# representing a complete atomic Boolean algebra by power set

It is a known fact that every Boolean algebra^{} is isomorphic^{} to a field of sets (of some set) (proof here (http://planetmath.org/RepresentingABooleanLatticeByFieldOfSets)). In this entry, we show that, furthermore, if a Boolean algebra is atomic and complete^{}, then it is isomorphic to *the* field of sets of some set, in other words, the powerset of some set, viewed as a Boolean algebra via the usual set-theoretic operations^{} of union, intersection^{}, and complement^{}.

The proof is based on the following function^{}, defined for any atomic Boolean algebra:

Definition. Let $B$ be an atomic Boolean algebra, and $X$ *the* set of its atoms. Define $f:B\to P(X)$ by

$$f(x):=\{a\mid a\le x\}.$$ |

It is easy to see that $f(x)=\{x\}$ iff $x$ is an atom of $B$.

###### Proposition 1.

$f(x)$ and $f\mathit{}\mathrm{(}{x}^{\mathrm{\prime}}\mathrm{)}$ are complement of one another in $X$.

###### Proof.

For any $a\in X$, $a\le 1=x\vee {x}^{\prime}$, so that $a\le x$ or $a\le {x}^{\prime}$, or $a\in f(x)$ or $a\in f({x}^{\prime})$. This shows that $f(x)\cup f({x}^{\prime})=X$. If $a\in f(x)\cap f({x}^{\prime})$, then $a\le x$ and $a\le {x}^{\prime}$, so that $a\le x\wedge {x}^{\prime}=0$, which is impossible, since $a$ is an atom, and by definition, must be greater than $0$. ∎

###### Proposition 2.

$f$ is a Boolean algebra homomorphism.

###### Proof.

First, $f({x}^{\prime})=X-f(x)$ by the last proposition^{}.

Next, $f(x\vee y)=\{a\mid a\le x\vee y\}=\{a\mid a\le x\text{or}a\le y\}$ since $a$ is an atom. But the right hand side equals $\{a\mid a\le x\}\cup \{a\mid a\le y\}=f(x)\cup f(y)$, we see that $f$ preserves $\vee $.

Finally, $f(0)=\{a\mid a\le 0\}=\mathrm{\varnothing}$ since any atom must be greater than $0$.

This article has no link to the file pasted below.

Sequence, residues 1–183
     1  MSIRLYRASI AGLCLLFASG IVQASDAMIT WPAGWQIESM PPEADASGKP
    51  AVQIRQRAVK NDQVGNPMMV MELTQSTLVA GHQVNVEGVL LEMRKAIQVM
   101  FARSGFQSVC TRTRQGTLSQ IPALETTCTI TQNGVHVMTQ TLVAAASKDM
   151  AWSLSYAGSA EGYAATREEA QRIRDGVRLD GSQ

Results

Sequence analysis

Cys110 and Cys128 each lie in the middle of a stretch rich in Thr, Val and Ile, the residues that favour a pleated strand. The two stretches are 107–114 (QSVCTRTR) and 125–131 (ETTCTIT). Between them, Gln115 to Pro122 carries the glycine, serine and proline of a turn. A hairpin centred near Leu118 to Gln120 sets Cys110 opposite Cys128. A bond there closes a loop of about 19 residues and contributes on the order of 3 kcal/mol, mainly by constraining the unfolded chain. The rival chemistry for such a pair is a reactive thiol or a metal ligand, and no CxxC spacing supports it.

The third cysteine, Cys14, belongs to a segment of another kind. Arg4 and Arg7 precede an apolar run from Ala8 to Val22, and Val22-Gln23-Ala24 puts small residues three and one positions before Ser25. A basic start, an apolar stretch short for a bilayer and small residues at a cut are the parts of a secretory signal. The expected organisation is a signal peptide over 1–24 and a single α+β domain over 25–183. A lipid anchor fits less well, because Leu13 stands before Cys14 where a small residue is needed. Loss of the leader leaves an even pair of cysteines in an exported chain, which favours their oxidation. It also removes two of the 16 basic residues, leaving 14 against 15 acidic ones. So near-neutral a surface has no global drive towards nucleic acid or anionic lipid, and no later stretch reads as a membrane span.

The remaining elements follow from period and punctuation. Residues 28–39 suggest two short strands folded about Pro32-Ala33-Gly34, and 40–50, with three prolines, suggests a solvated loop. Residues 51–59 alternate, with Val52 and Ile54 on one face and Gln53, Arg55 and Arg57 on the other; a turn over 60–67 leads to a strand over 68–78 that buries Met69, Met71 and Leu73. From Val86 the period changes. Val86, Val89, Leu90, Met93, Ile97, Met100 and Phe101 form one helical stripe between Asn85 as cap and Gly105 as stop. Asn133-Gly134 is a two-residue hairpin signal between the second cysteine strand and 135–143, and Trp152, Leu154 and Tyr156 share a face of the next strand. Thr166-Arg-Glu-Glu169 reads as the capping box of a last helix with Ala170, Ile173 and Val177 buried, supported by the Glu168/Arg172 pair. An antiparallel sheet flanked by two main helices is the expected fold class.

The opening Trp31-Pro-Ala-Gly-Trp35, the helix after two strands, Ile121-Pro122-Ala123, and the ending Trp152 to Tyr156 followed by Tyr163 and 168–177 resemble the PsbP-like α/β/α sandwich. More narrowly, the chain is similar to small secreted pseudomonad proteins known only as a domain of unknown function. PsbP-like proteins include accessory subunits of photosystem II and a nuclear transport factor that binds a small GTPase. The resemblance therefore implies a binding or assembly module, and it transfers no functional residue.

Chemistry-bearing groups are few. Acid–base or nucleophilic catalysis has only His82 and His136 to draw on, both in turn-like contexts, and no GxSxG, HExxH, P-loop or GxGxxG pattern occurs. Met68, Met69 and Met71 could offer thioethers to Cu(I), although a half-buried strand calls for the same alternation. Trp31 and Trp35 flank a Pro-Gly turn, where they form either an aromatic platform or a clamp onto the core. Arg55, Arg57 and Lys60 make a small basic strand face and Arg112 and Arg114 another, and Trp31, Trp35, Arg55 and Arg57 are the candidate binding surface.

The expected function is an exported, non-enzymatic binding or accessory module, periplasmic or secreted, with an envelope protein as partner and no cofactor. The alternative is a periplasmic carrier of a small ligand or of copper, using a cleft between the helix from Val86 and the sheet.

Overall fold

Hence, $f$ is a Boolean algebra homomorphism. ∎

###### Proposition 3.

$f$ is an injection^{}.

###### Proof.

Suppose $f(x)=\mathrm{\varnothing}$. If $x\ne 0$, then there must be some atom $a$ such that $a\le x$. But this implies that $f(x)\ne \mathrm{\varnothing}$, a contradiction^{}. Hence $x=0$ and $f$ is injective. ∎

###### Proposition 4.

$f$ is conditionally complete, in the sense that if $\mathrm{\bigvee}A$ is defined for any $A\mathrm{\subseteq}B$, then

$$f(\bigvee A)=\bigcup \{f(x)\mid x\in A\}.$$ |

###### Proof.

Suppose $y=\bigvee A$ and $Y=f(y)$. Let $Z=\bigcup \{f(x)\mid x\in A\}$. We want to show that $Y=Z$. If $a\in Y$, then $a\le y$, or $a\le x$ for some $x\in A$, since $a$ is an atom. So $a\in f(x)\subseteq Z$. Conversely, if $a\in Z$, then $a\in f(x)$, or $a\le x$ for some $x\in A$. This means that $a\le x\le \bigvee A=y$, and therefore $a\in f(y)=Y$. ∎

###### Proposition 5.

If $B$ is complete, so is $f$. Moreover, $f$ is surjective^{}.

###### Proof.

The first sentence^{} is a direct consequence of the previous proposition. For the second setnence, let $Y\in P(X)$. Let $y=\bigvee Y$. $x$ exists because $B$ is complete. So $f(y)=f(\bigvee Y)=\bigcup \{f(x)\mid x\in Y\}=\bigcup \{\{x\}\mid x\in Y\}=Y$, since each $x\in Y$ is an atom. ∎

Rewording the above proposition, we have

###### Theorem 1.

Any complete atomic Boolean algebra is isomorphic (as complete Boolean algebras) to the powerset of some set, namely, the set of all of its atoms.

A useful application of this representation theorem is the following:

###### Corollary 1.

The cardinality of a finite Boolean algebra is a power of $\mathrm{2}$.

###### Proof.

Every finite Boolean algebra is complete and atomic, and hence isomorphic to the powerset of a set, which is also finite, and the result follows. ∎

Remark. The proof does not depend on the representation of a Boolean algebra by a field of sets.

Title | representing a complete atomic Boolean algebra by power set |
---|---|

Canonical name | RepresentingACompleteAtomicBooleanAlgebraByPowerSet |

Date of creation | 2013-03-22 19:08:30 |

Last modified on | 2013-03-22 19:08:30 |

Owner | CWoo (3771) |

Last modified by | CWoo (3771) |

Numerical id | 8 |

Author | CWoo (3771) |

Entry type | Definition |

Classification | msc 06E10 |

Related topic | RepresentingABooleanLatticeByFieldOfSets |